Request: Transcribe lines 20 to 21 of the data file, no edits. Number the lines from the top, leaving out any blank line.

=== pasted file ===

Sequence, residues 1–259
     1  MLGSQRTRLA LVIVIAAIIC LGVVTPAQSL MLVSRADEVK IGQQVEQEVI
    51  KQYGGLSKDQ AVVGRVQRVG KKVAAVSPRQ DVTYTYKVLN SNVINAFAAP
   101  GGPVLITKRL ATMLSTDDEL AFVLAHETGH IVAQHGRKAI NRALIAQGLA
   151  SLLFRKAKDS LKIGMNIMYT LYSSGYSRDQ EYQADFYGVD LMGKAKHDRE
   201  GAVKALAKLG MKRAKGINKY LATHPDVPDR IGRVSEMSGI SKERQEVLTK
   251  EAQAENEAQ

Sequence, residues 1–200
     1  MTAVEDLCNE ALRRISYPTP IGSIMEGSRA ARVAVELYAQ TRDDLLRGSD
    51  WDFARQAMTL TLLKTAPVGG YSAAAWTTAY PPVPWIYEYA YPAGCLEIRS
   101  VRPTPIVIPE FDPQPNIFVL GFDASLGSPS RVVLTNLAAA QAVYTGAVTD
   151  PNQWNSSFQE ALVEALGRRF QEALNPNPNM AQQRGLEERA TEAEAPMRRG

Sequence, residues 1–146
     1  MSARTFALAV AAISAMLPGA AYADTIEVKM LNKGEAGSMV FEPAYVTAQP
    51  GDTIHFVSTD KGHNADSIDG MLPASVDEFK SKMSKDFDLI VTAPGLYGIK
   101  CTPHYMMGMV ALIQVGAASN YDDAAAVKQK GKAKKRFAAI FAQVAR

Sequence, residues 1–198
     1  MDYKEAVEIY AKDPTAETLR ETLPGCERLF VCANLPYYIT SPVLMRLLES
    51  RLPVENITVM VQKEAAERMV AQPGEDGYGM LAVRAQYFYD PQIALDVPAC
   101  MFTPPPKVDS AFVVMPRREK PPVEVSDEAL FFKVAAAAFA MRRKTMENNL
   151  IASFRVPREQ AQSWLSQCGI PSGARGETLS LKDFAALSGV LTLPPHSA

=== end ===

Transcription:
   101  MFTPPPKVDS AFVVMPRREK PPVEVSDEAL FFKVAAAAFA MRRKTMENNL
   151  IASFRVPREQ AQSWLSQCGI PSGARGETLS LKDFAALSGV LTLPPHSA